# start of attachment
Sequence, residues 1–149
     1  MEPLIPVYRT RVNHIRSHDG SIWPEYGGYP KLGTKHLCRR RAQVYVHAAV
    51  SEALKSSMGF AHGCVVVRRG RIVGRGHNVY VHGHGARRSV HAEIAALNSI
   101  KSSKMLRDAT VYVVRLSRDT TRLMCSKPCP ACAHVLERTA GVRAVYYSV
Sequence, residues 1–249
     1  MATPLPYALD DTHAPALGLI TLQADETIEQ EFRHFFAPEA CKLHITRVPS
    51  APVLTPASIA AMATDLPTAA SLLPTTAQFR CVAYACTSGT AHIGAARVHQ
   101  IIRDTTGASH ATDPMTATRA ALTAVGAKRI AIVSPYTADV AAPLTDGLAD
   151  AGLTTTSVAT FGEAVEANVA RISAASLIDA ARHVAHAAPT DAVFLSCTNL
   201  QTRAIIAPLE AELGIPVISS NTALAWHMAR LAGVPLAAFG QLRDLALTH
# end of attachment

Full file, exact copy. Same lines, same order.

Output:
Sequence, residues 1–149
     1  MEPLIPVYRT RVNHIRSHDG SIWPEYGGYP KLGTKHLCRR RAQVYVHAAV
    51  SEALKSSMGF AHGCVVVRRG RIVGRGHNVY VHGHGARRSV HAEIAALNSI
   101  KSSKMLRDAT VYVVRLSRDT TRLMCSKPCP ACAHVLERTA GVRAVYYSV
Sequence, residues 1–249
     1  MATPLPYALD DTHAPALGLI TLQADETIEQ EFRHFFAPEA CKLHITRVPS
    51  APVLTPASIA AMATDLPTAA SLLPTTAQFR CVAYACTSGT AHIGAARVHQ
   101  IIRDTTGASH ATDPMTATRA ALTAVGAKRI AIVSPYTADV AAPLTDGLAD
   151  AGLTTTSVAT FGEAVEANVA RISAASLIDA ARHVAHAAPT DAVFLSCTNL
   201  QTRAIIAPLE AELGIPVISS NTALAWHMAR LAGVPLAAFG QLRDLALTH